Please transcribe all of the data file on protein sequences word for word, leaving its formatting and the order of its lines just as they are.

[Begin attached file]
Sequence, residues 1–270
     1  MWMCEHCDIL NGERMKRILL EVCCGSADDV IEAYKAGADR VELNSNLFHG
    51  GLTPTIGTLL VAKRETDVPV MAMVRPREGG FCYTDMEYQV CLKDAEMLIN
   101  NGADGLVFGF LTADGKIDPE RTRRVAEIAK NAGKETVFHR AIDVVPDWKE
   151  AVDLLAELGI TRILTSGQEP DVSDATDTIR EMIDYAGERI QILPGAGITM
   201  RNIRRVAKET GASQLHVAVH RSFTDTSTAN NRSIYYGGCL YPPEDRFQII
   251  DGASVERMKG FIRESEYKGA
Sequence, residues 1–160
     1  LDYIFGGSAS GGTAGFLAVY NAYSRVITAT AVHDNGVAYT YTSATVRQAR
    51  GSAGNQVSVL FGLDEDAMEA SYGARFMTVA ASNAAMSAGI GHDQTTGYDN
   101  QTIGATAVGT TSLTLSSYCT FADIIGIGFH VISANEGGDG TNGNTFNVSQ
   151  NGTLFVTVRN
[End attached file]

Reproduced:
Sequence, residues 1–270
     1  MWMCEHCDIL NGERMKRILL EVCCGSADDV IEAYKAGADR VELNSNLFHG
    51  GLTPTIGTLL VAKRETDVPV MAMVRPREGG FCYTDMEYQV CLKDAEMLIN
   101  NGADGLVFGF LTADGKIDPE RTRRVAEIAK NAGKETVFHR AIDVVPDWKE
   151  AVDLLAELGI TRILTSGQEP DVSDATDTIR EMIDYAGERI QILPGAGITM
   201  RNIRRVAKET GASQLHVAVH RSFTDTSTAN NRSIYYGGCL YPPEDRFQII
   251  DGASVERMKG FIRESEYKGA
Sequence, residues 1–160
     1  LDYIFGGSAS GGTAGFLAVY NAYSRVITAT AVHDNGVAYT YTSATVRQAR
    51  GSAGNQVSVL FGLDEDAMEA SYGARFMTVA ASNAAMSAGI GHDQTTGYDN
   101  QTIGATAVGT TSLTLSSYCT FADIIGIGFH VISANEGGDG TNGNTFNVSQ
   151  NGTLFVTVRN